The Student Government Association, Reed said, is now promoting the #BlueGoesGreen campaign. Filling reusable cups at Dunkin’ Donuts with coffee, tea, and hot chocolate is just one part of the campaign. It is intended to encourage plastic water bottle use as well.

“This Tuesday, Oct. 3 at 1-4 p.m. outside of the University Center, we’ll have the opportunity for students and faculty learn about the message behind the Blue Goes Green campaign, which is to reduce, reuse and recycle,” Reed said. “They will also get free water bottles. Blue Goes Green’s message is simple, but important. If people hold each other accountable and work toward that goal, it can make a difference. The water bottles we are giving out are BPA-free.”

The passion that Hunt, Pimentel and Reed have for the environment has been an integral part of their lives for many years. They have personal connections with the work that they and other students do on campus.
Hunt explained that she does not recall a time when the environment was not a part of her life. She has applied it to her career choice and daily life.

“I’ve grown up vacationing in Montana almost every summer, so that’s certainly where my love of the natural world began,” she said. “That love turned towards interest in advocacy work when I read Michael Pollan’s Food Rules at 12, and then lobbied on Capitol Hill for a component of the Food Bill when I was 16. And environmental advocacy has followed me into my college years.”

Reed, whose passion for the environment translates into her work as Vice President of SGA, grew up with a deep love for the environment as Hunt had.

“I grew up with animals all around me; my family raises chickens. My parents’ love for the environment was engrained in me,” Reed said. “I remember being in the fifth grade and feeling a kind of anxiety about what I needed to do to save the environment. This summer, I interned at MEVO, which is the Mahwah Environmental Volunteers Organization. It showed me what it means to engender community around food products. DOVE now features Service on Saturdays at MEVO.”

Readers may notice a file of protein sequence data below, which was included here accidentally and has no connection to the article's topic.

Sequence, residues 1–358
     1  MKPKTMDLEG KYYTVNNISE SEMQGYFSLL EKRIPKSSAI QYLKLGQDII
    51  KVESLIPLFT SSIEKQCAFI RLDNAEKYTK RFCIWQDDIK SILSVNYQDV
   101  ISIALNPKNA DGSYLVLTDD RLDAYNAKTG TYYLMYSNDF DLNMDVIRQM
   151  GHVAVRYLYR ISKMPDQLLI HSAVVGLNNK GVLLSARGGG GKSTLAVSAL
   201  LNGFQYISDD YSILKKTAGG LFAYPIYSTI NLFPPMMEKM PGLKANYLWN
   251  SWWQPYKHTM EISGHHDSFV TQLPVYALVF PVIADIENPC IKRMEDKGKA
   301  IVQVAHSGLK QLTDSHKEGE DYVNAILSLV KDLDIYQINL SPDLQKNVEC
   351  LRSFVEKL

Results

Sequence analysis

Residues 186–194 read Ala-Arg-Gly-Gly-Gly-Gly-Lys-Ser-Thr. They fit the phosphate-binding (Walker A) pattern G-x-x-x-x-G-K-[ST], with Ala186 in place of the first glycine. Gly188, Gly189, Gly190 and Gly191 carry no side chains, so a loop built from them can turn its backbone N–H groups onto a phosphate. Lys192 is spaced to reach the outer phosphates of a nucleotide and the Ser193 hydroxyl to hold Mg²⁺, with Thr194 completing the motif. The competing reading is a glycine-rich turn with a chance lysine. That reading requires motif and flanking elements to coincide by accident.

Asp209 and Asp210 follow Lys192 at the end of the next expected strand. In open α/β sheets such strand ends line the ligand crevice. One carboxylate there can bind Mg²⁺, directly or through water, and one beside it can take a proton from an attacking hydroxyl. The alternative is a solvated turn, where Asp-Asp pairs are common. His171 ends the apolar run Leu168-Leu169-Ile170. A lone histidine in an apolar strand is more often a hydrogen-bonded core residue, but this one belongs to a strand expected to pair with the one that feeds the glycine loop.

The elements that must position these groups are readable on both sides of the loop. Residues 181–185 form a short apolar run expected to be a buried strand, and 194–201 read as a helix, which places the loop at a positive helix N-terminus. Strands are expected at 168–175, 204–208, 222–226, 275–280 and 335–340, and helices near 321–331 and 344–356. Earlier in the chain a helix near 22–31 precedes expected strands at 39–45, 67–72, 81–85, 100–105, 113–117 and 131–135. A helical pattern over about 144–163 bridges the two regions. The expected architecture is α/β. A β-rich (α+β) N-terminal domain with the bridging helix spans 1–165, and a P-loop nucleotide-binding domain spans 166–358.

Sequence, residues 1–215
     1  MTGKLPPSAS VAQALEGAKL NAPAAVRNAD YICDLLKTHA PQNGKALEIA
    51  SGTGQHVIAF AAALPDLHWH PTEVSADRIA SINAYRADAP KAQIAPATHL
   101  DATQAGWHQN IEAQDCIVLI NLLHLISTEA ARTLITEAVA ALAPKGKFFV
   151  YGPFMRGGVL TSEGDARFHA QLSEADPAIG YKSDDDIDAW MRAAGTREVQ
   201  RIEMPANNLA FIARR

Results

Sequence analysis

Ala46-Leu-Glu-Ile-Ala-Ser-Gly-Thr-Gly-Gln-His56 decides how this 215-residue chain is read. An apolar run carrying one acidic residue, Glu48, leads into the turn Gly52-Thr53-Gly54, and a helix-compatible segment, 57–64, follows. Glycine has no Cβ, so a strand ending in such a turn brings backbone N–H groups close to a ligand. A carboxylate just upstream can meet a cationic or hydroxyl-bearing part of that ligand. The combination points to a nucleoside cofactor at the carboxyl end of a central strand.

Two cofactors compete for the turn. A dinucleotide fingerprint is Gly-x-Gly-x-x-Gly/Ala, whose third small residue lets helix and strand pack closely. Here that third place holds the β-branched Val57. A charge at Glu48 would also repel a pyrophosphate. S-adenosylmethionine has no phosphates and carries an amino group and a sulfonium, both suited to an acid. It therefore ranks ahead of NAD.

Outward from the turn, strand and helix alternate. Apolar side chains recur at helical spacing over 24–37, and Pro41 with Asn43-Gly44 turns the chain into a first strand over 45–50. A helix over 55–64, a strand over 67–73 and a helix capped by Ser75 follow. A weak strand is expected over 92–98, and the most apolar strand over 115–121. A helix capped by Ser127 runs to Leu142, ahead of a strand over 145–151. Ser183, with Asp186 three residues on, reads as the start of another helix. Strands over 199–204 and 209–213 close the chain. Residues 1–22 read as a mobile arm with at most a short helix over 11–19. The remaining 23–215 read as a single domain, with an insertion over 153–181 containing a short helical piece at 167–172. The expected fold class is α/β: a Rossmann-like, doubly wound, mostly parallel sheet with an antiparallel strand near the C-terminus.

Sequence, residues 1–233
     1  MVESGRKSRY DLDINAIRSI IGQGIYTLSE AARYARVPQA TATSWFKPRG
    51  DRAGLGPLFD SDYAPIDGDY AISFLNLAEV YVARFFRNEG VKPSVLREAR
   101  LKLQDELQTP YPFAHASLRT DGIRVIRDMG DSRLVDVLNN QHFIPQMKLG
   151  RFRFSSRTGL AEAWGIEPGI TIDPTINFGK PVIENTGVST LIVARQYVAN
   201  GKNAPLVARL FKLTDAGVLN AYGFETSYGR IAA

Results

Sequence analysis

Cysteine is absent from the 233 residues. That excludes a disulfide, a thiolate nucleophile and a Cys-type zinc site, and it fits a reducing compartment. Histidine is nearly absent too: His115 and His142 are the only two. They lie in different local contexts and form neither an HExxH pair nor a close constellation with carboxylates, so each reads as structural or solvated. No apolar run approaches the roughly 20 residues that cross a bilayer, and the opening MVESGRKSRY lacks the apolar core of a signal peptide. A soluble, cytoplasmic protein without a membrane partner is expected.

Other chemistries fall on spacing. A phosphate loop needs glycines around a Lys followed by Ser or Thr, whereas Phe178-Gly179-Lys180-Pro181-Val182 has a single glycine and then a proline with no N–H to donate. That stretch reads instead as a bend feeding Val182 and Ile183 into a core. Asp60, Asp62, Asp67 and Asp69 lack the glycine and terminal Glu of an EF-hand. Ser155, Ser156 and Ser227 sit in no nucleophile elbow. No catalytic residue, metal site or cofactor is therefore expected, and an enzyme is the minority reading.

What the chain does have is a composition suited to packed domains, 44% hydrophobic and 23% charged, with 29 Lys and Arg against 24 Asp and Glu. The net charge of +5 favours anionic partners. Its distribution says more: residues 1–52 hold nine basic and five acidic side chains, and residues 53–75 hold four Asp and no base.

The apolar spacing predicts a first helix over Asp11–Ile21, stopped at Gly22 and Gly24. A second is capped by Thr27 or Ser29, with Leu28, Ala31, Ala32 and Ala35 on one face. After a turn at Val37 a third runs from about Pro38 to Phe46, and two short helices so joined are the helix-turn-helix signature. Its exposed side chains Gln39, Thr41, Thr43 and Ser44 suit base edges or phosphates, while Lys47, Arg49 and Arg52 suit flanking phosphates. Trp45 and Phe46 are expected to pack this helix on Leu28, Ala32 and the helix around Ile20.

Pimentel recalls having an interest in the environment for most of his life, but is aware that his interest resonated the most when he was eighteen.
“Personally, I have had an interest in the environment for most of my life,” Pimentel said. “I grew up in Connecticut right on Long Island Sound, which is a beautiful natural landscape. My interest really took off when I was 18 and learned about sustainable food production at Stone Barns Center for Food and Agriculture (where Ecology Club is visiting Nov. 3), as well as realizing the severity of climate change. Everyone can easily play a small part in making the world a better place, and we are trying to help those who want to, see some ways that they can.”

Professor Knapik said that her students want to see a stronger Environmental Studies program on campus.

“Students are asking for more Environmental Science professors to be hired by the University. They are asking for an Environmental Science Department to be created,” she said. “Right now we have an interdisciplinary Environmental Studies Program, with no one leading the program in a full time capacity. Students are asking for more faculty to be hired and for an official department to be formed.”

Kaitlyn Quinn can be reached at

Author: Kaitlyn Quinn